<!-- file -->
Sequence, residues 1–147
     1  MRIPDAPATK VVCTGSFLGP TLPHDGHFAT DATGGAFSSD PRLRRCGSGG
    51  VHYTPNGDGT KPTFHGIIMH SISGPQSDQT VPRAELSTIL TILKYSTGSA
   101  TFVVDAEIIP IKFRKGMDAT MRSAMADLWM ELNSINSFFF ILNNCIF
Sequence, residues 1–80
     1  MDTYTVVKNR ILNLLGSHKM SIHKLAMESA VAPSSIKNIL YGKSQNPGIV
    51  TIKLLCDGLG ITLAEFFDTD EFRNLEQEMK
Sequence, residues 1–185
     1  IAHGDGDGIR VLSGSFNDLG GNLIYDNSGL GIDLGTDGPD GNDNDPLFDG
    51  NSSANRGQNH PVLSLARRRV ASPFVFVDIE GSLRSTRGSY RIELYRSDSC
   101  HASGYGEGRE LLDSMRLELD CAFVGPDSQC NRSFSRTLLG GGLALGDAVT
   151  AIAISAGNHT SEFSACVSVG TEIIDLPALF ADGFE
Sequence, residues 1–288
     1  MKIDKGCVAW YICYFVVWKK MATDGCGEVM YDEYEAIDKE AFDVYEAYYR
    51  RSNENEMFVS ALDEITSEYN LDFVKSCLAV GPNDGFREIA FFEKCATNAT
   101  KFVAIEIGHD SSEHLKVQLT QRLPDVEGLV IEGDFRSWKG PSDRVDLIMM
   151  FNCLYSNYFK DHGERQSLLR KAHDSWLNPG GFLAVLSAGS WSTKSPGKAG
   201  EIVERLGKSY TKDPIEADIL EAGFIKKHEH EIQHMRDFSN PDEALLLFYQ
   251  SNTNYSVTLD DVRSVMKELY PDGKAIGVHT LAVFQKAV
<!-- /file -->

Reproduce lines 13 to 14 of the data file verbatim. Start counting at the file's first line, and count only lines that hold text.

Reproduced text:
Sequence, residues 1–288
     1  MKIDKGCVAW YICYFVVWKK MATDGCGEVM YDEYEAIDKE AFDVYEAYYR